On most days, I find meditation to be very helpful for anxiety and I try to include a time for it every day. I’m not really into the “ommm” type of meditation; instead, I usually focus on my breathing or progressive muscle relaxation to do the trick.

There are times when meditation doesn’t work well for me. For example, when I’m hearing voices, meditation can be problematic (and even tortuous). Similarly, if I’m in over my head with anxiety, it can be difficult to calm the crowd in my head enough to get any benefits.

When it does work, however, I find it works well. It’s like a cool mist settling down over a raging forest fire – it doesn’t put out the flames, but it makes them more manageable, which can help tip the balance towards a good day instead of a bad one.

I find that to meditate successfully, I must be in a room where the light is pretty constant and there is very little sound or some white noise. The sound of a distant thunderstorm is nice, too, but in the city it’s difficult to separate that from other sounds like traffic, construction, or lawnmowers.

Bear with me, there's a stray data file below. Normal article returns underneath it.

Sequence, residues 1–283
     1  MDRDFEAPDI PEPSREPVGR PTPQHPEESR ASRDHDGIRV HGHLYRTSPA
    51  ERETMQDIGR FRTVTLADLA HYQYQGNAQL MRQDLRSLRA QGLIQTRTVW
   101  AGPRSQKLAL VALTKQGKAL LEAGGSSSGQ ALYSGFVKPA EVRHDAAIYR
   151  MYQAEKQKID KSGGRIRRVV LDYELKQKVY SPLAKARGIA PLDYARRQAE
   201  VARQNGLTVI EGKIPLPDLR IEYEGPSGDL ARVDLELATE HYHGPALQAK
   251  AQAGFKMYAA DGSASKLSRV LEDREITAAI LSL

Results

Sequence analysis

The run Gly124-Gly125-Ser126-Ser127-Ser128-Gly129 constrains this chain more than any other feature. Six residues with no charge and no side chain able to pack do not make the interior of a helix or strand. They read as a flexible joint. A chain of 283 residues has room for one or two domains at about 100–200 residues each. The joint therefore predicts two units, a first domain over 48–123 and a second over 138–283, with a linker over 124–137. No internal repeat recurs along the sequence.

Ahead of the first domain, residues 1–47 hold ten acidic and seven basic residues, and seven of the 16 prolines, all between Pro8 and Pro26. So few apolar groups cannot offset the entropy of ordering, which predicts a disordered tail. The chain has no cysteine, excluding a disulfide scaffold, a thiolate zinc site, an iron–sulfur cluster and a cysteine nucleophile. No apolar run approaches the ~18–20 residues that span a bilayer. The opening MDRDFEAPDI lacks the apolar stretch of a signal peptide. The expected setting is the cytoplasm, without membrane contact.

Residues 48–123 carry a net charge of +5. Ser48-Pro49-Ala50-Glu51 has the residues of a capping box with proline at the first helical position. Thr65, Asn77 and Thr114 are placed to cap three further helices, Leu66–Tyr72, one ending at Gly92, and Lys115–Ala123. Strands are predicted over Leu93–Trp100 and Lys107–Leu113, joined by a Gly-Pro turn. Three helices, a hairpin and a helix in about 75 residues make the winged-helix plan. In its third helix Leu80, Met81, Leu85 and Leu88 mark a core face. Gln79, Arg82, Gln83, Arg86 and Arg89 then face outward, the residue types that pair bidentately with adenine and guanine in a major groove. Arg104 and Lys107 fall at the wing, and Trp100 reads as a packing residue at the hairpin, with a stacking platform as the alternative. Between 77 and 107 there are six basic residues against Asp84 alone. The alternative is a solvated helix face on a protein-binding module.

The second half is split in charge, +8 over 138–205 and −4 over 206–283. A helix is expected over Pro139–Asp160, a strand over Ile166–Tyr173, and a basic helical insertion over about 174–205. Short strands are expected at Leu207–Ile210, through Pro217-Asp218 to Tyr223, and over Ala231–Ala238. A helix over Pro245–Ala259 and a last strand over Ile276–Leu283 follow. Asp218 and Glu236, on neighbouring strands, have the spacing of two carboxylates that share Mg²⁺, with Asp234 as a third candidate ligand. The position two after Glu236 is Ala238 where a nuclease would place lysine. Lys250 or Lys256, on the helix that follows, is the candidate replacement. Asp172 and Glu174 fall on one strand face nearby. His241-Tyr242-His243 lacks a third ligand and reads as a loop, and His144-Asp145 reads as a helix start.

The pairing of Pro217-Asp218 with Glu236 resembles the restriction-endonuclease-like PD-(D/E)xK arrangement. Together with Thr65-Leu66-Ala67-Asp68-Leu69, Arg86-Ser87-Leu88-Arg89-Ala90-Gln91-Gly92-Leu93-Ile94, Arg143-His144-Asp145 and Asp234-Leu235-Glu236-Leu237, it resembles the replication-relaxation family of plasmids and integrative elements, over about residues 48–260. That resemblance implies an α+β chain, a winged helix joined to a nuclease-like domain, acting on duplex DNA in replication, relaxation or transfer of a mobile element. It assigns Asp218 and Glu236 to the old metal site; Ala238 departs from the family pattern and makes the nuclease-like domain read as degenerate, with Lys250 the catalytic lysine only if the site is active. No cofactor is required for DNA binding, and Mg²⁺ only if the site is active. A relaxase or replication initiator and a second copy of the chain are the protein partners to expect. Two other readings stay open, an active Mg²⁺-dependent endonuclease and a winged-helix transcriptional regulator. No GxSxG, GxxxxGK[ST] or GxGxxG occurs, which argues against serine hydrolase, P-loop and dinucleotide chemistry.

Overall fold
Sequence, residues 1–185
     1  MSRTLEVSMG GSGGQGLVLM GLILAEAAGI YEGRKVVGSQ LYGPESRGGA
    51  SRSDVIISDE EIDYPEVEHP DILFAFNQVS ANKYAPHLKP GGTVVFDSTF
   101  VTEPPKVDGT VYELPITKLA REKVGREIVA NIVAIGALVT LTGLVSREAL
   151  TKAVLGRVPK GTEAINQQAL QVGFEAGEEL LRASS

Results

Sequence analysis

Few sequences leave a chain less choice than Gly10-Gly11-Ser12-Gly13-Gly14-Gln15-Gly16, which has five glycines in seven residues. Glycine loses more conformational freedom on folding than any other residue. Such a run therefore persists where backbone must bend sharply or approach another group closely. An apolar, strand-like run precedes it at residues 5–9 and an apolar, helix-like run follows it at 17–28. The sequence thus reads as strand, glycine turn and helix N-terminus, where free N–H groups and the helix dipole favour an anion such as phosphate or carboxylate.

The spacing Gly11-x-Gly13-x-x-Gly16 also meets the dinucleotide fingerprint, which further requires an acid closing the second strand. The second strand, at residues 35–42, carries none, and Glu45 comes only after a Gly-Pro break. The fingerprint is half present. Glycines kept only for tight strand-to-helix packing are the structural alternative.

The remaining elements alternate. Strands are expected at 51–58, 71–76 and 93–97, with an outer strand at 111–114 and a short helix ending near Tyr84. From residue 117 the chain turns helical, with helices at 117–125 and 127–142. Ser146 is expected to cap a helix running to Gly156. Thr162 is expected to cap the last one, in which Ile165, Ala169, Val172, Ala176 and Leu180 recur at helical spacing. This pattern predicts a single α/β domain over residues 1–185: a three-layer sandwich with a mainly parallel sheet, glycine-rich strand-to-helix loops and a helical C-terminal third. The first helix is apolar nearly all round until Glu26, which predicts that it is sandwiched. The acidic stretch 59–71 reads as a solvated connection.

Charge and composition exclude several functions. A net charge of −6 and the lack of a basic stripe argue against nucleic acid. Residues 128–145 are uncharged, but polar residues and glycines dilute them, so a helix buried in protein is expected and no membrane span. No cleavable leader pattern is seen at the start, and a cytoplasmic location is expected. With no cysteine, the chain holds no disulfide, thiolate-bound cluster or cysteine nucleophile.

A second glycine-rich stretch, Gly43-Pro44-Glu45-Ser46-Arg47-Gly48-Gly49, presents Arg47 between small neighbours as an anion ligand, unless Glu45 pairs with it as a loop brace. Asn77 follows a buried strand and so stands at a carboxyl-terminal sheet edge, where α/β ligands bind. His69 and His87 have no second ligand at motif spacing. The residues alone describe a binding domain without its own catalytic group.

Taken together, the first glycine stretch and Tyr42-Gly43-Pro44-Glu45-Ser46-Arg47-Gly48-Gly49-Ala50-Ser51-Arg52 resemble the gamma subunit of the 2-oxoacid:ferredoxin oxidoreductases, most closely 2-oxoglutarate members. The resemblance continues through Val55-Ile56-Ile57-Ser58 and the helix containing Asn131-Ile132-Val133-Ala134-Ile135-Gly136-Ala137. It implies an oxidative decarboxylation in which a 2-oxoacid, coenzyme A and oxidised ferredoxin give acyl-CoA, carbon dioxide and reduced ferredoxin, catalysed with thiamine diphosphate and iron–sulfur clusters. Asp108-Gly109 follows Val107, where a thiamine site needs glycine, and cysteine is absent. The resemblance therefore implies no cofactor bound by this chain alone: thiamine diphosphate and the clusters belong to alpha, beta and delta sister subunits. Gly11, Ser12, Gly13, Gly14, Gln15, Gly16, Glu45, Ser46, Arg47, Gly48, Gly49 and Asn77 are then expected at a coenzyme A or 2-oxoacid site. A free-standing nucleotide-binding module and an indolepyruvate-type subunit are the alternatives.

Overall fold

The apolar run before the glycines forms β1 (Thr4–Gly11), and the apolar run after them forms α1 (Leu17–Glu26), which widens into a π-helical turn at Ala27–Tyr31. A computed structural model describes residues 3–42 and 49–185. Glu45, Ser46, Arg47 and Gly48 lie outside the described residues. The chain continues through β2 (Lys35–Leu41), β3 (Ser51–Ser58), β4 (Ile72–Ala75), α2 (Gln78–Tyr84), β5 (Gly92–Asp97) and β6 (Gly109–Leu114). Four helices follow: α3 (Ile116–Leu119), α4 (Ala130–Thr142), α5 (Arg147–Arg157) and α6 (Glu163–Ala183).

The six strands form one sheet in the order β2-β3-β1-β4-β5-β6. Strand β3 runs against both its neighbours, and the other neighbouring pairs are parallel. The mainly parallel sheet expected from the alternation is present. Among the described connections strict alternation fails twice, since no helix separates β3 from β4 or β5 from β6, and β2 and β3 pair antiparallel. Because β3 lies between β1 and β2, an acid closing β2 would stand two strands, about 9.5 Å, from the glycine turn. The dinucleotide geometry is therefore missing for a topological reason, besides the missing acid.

Even if I can’t completely get into the meditation, I find that sitting still with my eyes closed for a while helps recharge my batteries – as long as the anxiety or voices don’t come storming in.

The Anxiety Disorders Association of Manitoba (ADAM) has downloadable audio files that I have found helpful for both breathing and muscle relaxation exercises. You can find them here: (http://www.adam.mb.ca/audio-relaxation).

Stay safe!